Two years ago, I traveled to Nigeria to do a short documentary on my friend Dena’s organization The Nigerian School Project.
With Dena, I visited the public schools she built on an island of 350,000 people that is not labeled on maps. It has no running water or electricity.
Now, we are growing the film, “From Jersey, With Love” into a full length doc.
In order to complete it, we plan to bring a crew to film the island’s first high school graduation in June.
Last summer, I stayed on the island to get to know the students, teachers and the community better. And, I had the privilege to co-teach the students with a young Nigerian woman who Dena had sponsored through college.
The community embraced us. And, the relationships I built In Nigeria are a source of joy for me and an inspiration for the film.
In a couple of months we are going to start a Kickstarter (crowdfunding) campaign to fund the upcoming filming in Nigeria for the graduation and to capture stronger interview footage.
Please share our project, “From Jersey, With Love.”
Tonight at Dawn and our crew are working on the third phase of filming for The Nigerian School Project documentary. Here are some images from filming at founder of The Nigerian School Project Dena Grushkin’s home with the talented Michael Scotti and Neil Grabowsky (Jersey Nerds). Kickstarter video coming soon!
#BringBackOurGirls was the rallying cry all over social media this past spring.
Now? The girls have not been seen again, the perpetrators are onto even more heinous crimes and Twitter is onto #Seahawks and #BlueMonday.
Boko Haram militants rang in 2015 by viciously attacking towns in northeastern Nigeria, including the densely populated municipalities of Baga and Doron Baga. Although Nigeria’s Director of Defence Information claims the death toll is around 150, Amnesty International argues that the numbers are gruesomely higher based on eyewitness accounts and satellite imagery.
Daniel Eyre, an Amnesty International researcher, explains the information gleaned from the satellite shots, “These detailed images show devastation of catastrophic proportions in two towns, one of which was almost wiped off the map in the space of four days.” Eyre continued, “Of all Boko Haram assaults analysed by Amnesty International, this is the largest and most destructive yet. It represents a deliberate attack on civilians whose homes, clinics and schools are now burnt out ruins.”
Victims’ reports to the nonprofit detailed the militants going from house to house to murder military age men, indiscriminate shooting at people of all ages and the rounding up of women, children and elderly folks as they fled into the bush which was dotted with corpses. According to Amnesty International, Boko Haram has been known to assault areas they believe to be collaborating with security forces and this may have been their motivation this time as well.
Overall, Amnesty International has estimated 2,000 people massacred in this latest assault.
So why has the 16 killed in the Parisian terrorist attacks at Charlie Hebdo and the market peppered our news, while many are more likely to be aware of the Nigerian assault via a Facebook post? Of course 16 people killed is 16 too many as 1 killed is 1 too many. Whether it is 150 or 2000 people killed, isn’t it 150 or 2000 people too many?
I suppose 2000 is unfathomable in the human mind.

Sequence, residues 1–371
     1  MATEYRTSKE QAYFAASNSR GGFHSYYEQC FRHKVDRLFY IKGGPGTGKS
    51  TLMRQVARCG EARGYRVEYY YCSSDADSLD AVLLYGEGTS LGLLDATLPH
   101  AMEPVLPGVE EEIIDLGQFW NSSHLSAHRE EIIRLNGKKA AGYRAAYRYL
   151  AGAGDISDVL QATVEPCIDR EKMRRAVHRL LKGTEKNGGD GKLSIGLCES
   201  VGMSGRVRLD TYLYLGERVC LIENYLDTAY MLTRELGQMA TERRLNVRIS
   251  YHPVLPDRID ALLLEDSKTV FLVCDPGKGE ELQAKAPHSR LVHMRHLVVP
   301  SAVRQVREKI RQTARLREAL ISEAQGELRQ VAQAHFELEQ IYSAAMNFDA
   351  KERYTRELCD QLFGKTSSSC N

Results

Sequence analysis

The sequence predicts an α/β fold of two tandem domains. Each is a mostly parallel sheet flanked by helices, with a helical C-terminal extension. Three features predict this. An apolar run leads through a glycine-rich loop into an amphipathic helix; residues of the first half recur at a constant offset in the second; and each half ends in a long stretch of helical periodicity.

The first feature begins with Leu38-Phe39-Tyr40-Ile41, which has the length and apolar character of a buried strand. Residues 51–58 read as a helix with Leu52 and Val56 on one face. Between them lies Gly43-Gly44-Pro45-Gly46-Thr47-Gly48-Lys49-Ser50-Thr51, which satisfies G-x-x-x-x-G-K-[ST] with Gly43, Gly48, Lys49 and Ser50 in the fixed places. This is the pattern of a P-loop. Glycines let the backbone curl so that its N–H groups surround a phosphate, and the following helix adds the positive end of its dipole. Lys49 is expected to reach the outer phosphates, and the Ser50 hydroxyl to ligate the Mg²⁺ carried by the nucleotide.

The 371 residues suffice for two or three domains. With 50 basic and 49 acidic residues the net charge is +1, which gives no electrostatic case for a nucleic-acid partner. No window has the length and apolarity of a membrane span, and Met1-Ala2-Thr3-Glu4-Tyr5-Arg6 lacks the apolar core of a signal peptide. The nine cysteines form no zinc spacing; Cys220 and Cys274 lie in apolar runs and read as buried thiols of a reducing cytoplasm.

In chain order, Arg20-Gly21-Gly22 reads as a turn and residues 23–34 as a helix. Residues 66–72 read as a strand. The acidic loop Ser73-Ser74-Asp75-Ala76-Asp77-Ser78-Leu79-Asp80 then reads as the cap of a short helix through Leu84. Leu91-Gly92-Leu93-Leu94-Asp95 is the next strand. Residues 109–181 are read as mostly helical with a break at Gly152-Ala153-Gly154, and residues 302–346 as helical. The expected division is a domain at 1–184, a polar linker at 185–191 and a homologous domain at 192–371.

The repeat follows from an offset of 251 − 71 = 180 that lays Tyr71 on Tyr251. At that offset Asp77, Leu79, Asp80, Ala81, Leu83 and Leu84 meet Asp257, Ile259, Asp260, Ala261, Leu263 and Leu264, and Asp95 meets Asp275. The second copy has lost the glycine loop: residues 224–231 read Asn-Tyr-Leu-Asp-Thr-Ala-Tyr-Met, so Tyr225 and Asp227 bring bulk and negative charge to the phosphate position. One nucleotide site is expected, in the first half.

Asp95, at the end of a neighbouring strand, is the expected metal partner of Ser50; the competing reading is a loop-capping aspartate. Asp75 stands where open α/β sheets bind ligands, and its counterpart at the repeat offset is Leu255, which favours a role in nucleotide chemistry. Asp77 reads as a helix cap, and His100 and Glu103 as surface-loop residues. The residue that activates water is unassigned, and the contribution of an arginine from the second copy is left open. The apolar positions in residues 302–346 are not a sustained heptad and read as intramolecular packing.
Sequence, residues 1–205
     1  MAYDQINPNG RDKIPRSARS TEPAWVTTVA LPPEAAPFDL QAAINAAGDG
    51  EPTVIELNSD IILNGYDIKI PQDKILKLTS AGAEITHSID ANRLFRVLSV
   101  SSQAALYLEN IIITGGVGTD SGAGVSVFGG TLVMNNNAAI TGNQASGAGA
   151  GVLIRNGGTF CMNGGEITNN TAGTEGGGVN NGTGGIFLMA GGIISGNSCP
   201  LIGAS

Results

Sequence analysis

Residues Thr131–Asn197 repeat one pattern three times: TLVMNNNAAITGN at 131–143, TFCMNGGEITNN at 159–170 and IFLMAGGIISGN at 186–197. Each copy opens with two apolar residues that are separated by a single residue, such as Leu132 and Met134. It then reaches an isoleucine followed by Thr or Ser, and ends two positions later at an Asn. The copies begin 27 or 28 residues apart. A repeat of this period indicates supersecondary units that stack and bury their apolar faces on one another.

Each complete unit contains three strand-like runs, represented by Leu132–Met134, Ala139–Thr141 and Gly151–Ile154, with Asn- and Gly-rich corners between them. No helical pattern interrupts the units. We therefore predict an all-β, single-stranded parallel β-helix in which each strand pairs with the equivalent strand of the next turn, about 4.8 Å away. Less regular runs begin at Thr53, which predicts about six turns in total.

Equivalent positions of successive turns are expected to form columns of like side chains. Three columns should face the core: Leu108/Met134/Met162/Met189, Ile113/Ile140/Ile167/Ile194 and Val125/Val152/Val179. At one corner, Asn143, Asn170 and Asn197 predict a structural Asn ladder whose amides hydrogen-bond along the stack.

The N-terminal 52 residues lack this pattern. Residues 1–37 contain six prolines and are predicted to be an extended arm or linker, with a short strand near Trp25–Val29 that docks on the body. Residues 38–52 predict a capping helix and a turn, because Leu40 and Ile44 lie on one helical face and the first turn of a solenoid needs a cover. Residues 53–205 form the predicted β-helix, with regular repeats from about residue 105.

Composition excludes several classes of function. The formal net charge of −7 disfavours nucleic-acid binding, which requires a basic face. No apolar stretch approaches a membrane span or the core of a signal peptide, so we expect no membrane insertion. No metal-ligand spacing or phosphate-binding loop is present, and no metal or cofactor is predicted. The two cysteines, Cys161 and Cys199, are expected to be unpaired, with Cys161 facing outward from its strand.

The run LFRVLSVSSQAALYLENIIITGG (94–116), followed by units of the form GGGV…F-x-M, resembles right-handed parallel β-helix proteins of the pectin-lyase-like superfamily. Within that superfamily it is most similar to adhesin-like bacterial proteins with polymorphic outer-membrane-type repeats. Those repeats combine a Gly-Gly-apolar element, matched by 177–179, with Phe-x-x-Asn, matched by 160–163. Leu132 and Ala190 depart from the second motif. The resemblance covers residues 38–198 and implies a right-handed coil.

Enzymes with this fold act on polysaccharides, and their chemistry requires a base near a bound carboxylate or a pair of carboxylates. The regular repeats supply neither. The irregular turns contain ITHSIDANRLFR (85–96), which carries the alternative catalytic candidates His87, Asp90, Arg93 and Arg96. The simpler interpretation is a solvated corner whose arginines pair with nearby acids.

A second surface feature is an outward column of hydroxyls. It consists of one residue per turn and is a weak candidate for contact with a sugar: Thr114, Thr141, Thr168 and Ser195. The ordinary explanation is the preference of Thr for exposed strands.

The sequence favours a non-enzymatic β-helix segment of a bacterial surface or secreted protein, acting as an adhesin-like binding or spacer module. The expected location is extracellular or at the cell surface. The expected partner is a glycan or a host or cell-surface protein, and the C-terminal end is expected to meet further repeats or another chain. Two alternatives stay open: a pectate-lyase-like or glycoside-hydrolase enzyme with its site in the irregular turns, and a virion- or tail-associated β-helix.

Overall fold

Based on theories I heard from On the Media, Amnesty International and the Huffington Post, I am trying to understand why this is not a major headline in the Western news cycles.
1-Unfathomable. It’s a difficult thing for the psyche to swallow this level of atrocity in a place that can feel very far removed from their own lives.
2-Too Close To Home. An attack in Paris, a city that is culturally similar to cities in the United States, and an attack on the democratic ideals for freedoms of speech hits close to home; Americans feel on edge in line with the French.
3-All Quiet on the Eastern Front. President Goodluck Jonathan swiftly and sharply condemned the terrorism in Paris, and, yet did not offer similar condemnation in honor of his own citizens.
4-Sensitized. Folks in the Western world are often not surprised to hear of conflicts in the Middle East or Africa and become sensitized to it. In addition, they often do not see a connection to their own lives as they see it with the Parisian attacks. “All too often, conflicts have been assumed to be localized, just left alone until they reach a pitch where they show their international significance,” said Michael Jennings, a senior lecturer in international development at the School of Oriental and African Studies in London (Huffington Post), “The danger is that we don’t see the links, we don’t see people moving back and forth.”
5. No Press Access From Boko Haram. At the present moment, it is near impossible to receive independent reporting from the attack sites in Nigeria as it is still under Boko Haram control; reports are mostly based upon eyewitness accounts and images from the sky.
Of course, there are hashtags for the freshest atrocity in Nigeria, but there must be other ways to TRULY show that “#NigerianLivesMatter”.
Featuring Dena Floryczk’s photography; Nigerian School Project article by Tonight at Dawn founder, Kimberly Cecchini, as published in the June 2014 issue of Millennium Magazine (listed on the cover). Read the article and see more photos! : https://tonightatdawn.com/2014/05/04/the-nigerian-school-project-going-full-circle/Stay tuned for the posting of Cecchini’s other article in the issue, “Pig & Prince: Restaurant & Gastro Lounge”.